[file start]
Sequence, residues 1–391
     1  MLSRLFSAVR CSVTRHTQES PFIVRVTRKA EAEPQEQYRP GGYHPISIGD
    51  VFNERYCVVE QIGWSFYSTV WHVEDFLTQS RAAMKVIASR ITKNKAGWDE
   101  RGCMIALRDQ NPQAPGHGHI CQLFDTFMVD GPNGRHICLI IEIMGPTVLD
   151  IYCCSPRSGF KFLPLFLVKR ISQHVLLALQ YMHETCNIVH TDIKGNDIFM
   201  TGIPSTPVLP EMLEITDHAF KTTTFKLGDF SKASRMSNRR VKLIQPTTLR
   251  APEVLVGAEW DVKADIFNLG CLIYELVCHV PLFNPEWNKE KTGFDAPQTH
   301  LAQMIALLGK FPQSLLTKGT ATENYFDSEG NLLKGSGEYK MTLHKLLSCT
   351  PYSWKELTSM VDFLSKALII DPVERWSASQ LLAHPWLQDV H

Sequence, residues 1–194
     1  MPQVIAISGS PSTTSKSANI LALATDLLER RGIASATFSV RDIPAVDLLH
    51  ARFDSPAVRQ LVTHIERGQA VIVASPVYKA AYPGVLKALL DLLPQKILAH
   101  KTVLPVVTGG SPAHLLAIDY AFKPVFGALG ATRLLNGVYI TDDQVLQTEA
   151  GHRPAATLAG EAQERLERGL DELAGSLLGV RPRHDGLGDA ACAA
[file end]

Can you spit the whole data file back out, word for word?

Sequence, residues 1–391
     1  MLSRLFSAVR CSVTRHTQES PFIVRVTRKA EAEPQEQYRP GGYHPISIGD
    51  VFNERYCVVE QIGWSFYSTV WHVEDFLTQS RAAMKVIASR ITKNKAGWDE
   101  RGCMIALRDQ NPQAPGHGHI CQLFDTFMVD GPNGRHICLI IEIMGPTVLD
   151  IYCCSPRSGF KFLPLFLVKR ISQHVLLALQ YMHETCNIVH TDIKGNDIFM
   201  TGIPSTPVLP EMLEITDHAF KTTTFKLGDF SKASRMSNRR VKLIQPTTLR
   251  APEVLVGAEW DVKADIFNLG CLIYELVCHV PLFNPEWNKE KTGFDAPQTH
   301  LAQMIALLGK FPQSLLTKGT ATENYFDSEG NLLKGSGEYK MTLHKLLSCT
   351  PYSWKELTSM VDFLSKALII DPVERWSASQ LLAHPWLQDV H

Sequence, residues 1–194
     1  MPQVIAISGS PSTTSKSANI LALATDLLER RGIASATFSV RDIPAVDLLH
    51  ARFDSPAVRQ LVTHIERGQA VIVASPVYKA AYPGVLKALL DLLPQKILAH
   101  KTVLPVVTGG SPAHLLAIDY AFKPVFGALG ATRLLNGVYI TDDQVLQTEA
   151  GHRPAATLAG EAQERLERGL DELAGSLLGV RPRHDGLGDA ACAA